U.S. refiners turn to tanker trucks to avoid 'dumbbell' crudes

Mon Mar 23, 2015 12:07am EDT
 
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By Kristen Hays

HOUSTON (Reuters) - In a pressing quest to secure the best possible crude, U.S. refiners are increasingly going straight to the source.

    Firms such as Marathon Petroleum Corp and Delek U.S. Holdings are buying up tanker trucks and extending local pipeline networks in order to get more oil directly from the wellhead, seeking to cut back on blended crude cocktails they say can leave a foul aftertaste.

While the business of hauling crude from individual oil wells to bulk storage depots or pipeline hubs has become a lucrative niche in recent years thanks to the shale oil revolution, refiners are getting into the "first mile" game for a different reason: taking control of their supply chains to secure a more predictable, consistent stream of crude.

    Phillips 66, the nation's fourth-largest refiner, has added trucks and offloading equipment at several of its refineries to help reduce its reliance on oil coming from Cushing, Oklahoma, the nation's biggest crude oil crossroads and storage hub. Here, a growing volume of Canadian oil sands is often mixed with lighter domestic shale crude, resulting in blends that can be less profitable than similar oil fresh from the field.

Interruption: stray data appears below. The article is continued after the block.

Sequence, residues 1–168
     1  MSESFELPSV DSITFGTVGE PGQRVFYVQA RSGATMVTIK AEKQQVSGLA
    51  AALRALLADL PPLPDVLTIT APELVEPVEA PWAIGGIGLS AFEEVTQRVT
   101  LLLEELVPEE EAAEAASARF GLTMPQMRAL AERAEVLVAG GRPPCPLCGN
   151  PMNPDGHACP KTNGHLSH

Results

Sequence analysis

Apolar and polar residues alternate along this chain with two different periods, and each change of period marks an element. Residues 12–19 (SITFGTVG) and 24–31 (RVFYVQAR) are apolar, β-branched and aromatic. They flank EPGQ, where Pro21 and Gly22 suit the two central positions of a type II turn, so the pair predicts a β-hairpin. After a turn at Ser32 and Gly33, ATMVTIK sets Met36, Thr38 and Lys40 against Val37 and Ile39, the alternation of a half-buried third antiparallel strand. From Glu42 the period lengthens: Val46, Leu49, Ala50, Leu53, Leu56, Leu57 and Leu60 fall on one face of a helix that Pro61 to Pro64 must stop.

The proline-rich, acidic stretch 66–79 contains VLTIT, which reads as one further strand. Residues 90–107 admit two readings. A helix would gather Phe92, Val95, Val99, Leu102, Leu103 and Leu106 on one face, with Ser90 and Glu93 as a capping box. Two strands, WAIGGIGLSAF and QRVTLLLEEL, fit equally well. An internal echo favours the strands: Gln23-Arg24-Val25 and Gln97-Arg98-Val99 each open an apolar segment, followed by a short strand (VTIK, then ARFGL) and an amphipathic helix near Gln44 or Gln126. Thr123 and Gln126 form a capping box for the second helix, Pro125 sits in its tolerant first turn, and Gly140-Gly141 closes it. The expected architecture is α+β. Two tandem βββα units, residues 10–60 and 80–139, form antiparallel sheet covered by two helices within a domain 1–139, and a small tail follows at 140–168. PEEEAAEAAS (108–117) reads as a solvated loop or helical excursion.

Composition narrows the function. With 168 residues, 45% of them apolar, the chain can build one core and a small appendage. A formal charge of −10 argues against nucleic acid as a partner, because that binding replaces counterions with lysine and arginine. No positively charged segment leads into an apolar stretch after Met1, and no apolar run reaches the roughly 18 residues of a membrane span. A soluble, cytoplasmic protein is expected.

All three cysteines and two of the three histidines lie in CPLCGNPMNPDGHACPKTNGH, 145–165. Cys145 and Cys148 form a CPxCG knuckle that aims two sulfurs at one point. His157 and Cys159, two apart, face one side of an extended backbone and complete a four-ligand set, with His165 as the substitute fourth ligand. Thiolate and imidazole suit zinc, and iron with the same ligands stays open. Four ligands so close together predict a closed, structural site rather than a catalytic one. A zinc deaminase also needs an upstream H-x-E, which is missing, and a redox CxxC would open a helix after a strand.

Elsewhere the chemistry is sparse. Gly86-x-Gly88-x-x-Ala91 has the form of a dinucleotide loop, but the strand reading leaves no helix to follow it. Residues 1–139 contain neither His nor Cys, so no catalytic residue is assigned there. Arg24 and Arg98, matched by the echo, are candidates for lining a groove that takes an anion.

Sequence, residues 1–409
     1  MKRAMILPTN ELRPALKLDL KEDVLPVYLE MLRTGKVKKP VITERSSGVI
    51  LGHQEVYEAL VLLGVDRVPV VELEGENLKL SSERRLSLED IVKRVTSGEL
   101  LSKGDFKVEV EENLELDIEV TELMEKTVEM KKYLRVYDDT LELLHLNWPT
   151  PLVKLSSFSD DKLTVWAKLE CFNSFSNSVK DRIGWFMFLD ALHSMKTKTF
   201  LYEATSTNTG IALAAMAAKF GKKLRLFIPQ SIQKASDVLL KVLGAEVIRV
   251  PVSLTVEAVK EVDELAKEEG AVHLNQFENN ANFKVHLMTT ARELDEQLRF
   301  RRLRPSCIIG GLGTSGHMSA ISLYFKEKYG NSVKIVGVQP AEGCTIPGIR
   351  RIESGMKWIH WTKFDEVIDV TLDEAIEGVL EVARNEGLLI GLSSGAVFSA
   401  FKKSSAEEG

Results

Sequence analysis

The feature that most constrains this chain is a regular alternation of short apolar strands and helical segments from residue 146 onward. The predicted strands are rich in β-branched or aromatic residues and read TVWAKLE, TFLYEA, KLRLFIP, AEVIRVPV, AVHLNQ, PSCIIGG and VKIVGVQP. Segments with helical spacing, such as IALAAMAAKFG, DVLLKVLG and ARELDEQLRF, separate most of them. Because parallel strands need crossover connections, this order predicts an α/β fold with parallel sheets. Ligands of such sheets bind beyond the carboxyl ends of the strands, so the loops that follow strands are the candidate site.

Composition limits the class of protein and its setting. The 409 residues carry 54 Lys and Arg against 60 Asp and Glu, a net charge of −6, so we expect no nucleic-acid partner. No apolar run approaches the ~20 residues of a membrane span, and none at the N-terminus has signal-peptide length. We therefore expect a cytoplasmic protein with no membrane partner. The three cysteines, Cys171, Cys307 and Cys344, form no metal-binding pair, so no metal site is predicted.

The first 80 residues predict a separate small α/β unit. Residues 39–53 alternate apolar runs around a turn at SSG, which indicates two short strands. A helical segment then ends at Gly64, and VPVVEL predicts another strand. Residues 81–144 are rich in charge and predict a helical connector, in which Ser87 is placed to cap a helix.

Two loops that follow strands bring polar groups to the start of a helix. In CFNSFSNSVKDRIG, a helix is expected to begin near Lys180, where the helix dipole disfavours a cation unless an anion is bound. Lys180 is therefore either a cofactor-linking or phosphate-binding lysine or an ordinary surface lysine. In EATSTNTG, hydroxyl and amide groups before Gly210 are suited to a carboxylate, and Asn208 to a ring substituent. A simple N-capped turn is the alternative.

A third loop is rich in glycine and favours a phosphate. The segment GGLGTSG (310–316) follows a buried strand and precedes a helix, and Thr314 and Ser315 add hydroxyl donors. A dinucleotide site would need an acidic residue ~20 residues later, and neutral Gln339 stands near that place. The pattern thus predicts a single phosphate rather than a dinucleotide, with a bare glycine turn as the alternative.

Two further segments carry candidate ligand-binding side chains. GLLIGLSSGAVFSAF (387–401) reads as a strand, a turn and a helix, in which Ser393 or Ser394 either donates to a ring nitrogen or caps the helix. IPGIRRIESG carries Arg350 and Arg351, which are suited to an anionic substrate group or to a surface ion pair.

Phillips 66 executives say operations at its 200,000-barrel-per-day refinery in Ponca City, Oklahoma, only 62 miles (100 km) from Cushing, have improved since it began getting more of its crude directly from wells in the Mississippian Lime shale patch nearby.

"That's really the key," Phillips 66 President Tim Taylor told Reuters. "With Cushing, you can get a blended barrel that hits the spec, but it's not as consistent as you'd like."

    Others are also seeking to cut out the middleman where possible, delving into an industry once dominated by independent local players and stepping up pressure on bigger midstream transport and logistics firms to meet their needs.

In December, Delek Logistics Partners LP paid $11.5 million to buy 120 trucks and 200 trailers used to haul crude and asphalt, mostly for its parent firm's East Texas and Arkansas refineries.   Continued...

 
Used oil barrels are stacked at a storage facility in Seattle, Washington February 12, 2015. REUTERS/Jason Redmond